Last year’s Spanish GP saw home hero Alex Marquez (EG 0,0 Marc VDS) crash out, but the 2014 Moto3 World Champion has shown some serious pace this season. Especially strong at the start of races in Qatar and COTA, the rider from Cervera also had some real speed for his teammate in Argentina until his last lap bad luck. Despite that incident, Marquez is the only man who has been within striking distance of Morbidelli on a final lap so far in 2017.
Dominique Aegerter (Kiefer Racing) was a strong performer in Texas on the Suter, a track where he was one o the few to have a great record, and will be looking to try and keep that solid form in Jerez – as will Tech 3 Racing’s Xavi Vierge. Vierge, an impressive and consistent performer on the Mistral 610, is even in the top five in the standings as we head to his home race – and will be looking to keep his incredible roll going in Andalusia.
“Right now I have no idea if I can go to Jerez and win for the fourth time in a row. All I can do is see how things go in the first free practice sessions, because Jerez is a track that everyone knows well from testing and a lot of people are going to be fast there. I’m sure I’m not going to have it all my own way this weekend. Tom Lüthi will be strong again; he has been right behind me in all the races so far this season and I think the same will be true in Jerez. We will work in the same way as we have done all season and then see where we are on Sunday when the lights go out.”
“Jerez is always special for me. It’s the first Spanish race of the season and I like the track a lot. The atmosphere is always incredible, but we can’t afford to be distracted and we need to concentrate fully all weekend in the same way as we have done at the opening three races. This is a circuit where I was fastest in preseason testing and, although racing is always different, it’s also a track at which I’m confident we can try and push for the win if all goes well in practice and qualifying.”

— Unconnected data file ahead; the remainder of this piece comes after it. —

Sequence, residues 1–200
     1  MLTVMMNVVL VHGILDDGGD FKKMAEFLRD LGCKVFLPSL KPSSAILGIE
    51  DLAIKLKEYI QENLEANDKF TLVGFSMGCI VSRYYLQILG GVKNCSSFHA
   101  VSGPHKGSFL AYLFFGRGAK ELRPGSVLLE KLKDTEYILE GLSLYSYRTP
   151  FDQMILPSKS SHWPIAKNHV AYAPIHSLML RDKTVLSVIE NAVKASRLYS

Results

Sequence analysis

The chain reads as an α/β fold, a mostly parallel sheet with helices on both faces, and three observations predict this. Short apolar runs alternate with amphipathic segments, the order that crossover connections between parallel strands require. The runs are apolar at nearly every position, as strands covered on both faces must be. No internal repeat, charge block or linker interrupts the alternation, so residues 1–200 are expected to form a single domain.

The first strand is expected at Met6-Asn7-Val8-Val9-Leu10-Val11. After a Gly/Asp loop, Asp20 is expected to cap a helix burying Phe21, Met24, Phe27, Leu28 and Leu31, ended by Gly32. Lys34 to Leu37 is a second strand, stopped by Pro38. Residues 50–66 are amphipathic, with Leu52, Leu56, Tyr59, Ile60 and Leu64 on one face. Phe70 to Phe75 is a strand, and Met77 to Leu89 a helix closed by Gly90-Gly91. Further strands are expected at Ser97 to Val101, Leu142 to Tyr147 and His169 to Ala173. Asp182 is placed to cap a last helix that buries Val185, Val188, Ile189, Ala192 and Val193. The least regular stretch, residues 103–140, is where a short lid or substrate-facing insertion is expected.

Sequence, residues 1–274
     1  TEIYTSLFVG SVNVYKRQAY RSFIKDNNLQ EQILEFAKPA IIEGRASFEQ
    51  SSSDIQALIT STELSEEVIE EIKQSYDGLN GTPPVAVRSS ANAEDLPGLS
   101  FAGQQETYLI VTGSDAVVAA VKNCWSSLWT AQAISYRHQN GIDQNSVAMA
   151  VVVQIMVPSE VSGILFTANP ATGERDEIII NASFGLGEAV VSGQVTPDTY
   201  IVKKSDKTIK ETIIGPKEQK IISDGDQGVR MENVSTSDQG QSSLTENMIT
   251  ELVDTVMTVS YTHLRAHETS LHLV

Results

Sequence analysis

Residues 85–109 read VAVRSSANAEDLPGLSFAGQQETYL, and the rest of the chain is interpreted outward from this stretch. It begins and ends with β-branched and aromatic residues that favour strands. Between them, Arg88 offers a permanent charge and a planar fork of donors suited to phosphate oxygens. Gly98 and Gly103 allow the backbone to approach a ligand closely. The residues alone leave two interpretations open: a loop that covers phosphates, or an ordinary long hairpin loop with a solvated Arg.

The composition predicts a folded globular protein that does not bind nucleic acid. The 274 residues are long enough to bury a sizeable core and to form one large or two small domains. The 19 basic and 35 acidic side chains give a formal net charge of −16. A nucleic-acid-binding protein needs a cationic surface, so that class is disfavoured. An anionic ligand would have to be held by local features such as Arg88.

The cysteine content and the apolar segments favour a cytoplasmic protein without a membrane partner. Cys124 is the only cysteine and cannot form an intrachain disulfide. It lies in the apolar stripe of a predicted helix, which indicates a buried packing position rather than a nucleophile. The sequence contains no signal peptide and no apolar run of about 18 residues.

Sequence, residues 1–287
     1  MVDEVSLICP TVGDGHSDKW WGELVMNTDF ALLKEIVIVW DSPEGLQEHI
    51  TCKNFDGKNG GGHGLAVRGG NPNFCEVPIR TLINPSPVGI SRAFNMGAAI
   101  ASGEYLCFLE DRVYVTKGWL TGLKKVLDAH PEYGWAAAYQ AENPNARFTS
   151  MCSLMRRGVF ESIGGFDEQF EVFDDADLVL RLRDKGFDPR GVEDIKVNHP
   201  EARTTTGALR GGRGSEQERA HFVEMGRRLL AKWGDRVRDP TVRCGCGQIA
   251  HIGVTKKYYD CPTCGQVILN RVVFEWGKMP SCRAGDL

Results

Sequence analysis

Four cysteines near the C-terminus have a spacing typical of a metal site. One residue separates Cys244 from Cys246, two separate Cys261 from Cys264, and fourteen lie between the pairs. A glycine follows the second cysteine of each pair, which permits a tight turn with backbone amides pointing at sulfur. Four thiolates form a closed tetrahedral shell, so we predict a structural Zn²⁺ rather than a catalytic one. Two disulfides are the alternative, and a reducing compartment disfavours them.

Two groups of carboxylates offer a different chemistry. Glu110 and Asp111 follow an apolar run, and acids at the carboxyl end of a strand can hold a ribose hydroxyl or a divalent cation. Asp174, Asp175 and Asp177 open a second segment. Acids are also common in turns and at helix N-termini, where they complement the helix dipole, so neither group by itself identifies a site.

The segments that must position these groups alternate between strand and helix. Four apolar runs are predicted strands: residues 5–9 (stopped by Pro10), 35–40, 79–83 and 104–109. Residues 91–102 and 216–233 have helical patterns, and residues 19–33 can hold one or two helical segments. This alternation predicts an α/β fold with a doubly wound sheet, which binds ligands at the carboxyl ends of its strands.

Moto2 World Championship Classification
- Morbidelli 75
- Luthi 56
- Oliveira 43
- Nakagami 32
- Vierge 25
- Marquez 24
- Bladassarri 21
- Marini 20
- Corsi 19
- Aegerter 18
Anyone’s game: Moto3 touch down in Andalusia
After two wins to open the year, Joan Mir (Leopard Racing) showed he wasn’t untouchable at COTA, crossing the line in eighth as expected Championship rival Romano Fenati (Marinelli Rivacold Snipers) took a stunning first win of the year. Now it’s his home race, and the points leader will be looking to fight back fast – but the field seem to be closing in.
Texas had seen compatriot Aron Canet (EG 0,0) dominate the timesheets in almost unbelievable style, before the Spaniard dramatically highsided out of the lead under pressure from Fenati. The EG 0,0 rider will be looking to write a different story on home turf in Jerez, and teammate Enea Bastianini will also be keen to join the charge at the team’s home venue – having shown much improved pace in Texas to come home fourth.
Jorge Martin (Del Conca Gresini Moto3) is the man looking for much of the same after his form so far in 2017. The only rider on the podium every race and now second in the standings, Martin knows consistency wins trophies – and will have even more motivation in his home nation. The rider just behind him on points, John McPhee (British Talent Team), should also be a force to be reckoned with – debuting well on the Official Test timesheets first time out with his new team at Jerez earlier in the year.
“It’s been a great start to the Championship with two podiums and then cutting the Championship gap in Texas. Now I’m ready to head back to Europe and to Jerez, where we’ve already tested and we have a great base to start from. It’s also a track I like and I think it should be a good one for me and the team. Now my focus is on getting back on the podium, and being as strong as possible throughout every race like we know we can. It’s a long year ahead but I’m excited for the challenge!”
The Italian charge, alongside Fenati and Bastianini, will surely also feature Fabio Di Giannantonio (Del Conca Gresini Moto3) and Nicolo Bulega (Sky Racing Team VR46). ‘Diggia’ had a tough start to 2017 with a broken collarbone in preseason, and crashed out in Argentina after an incident for which Bulega was penalised. But back on the podium in Austin, the Gresini rider goes into Jerez with higher confidence and ready to get back to his stunning 2016 form.
Bulega is the man who will be hoping to keep his traction in Jerez, after two tough races and then a top five in Texas – after a rookie and first ever pole at the Spanish GP in 2016, the VR46 academy man was also top in Official Testing at the venue. Good reading for Bulega ahead of lights out.
The Moto3 grid is deep in 2017, and it could be anyone’s game once again. Now back at a track where many have much more experience, the fight is sure to hot up in Andalusia – and Mir is sure to give everything to get back on top.
Moto3 World Championship Classification
- Mir 58
- Martin 52
- McPhee 49
- Fenati 45
- Migno 25
- Di Giannantonio 24
- Oettl 20
- Canet 18
- Guevera 17
- Loi 15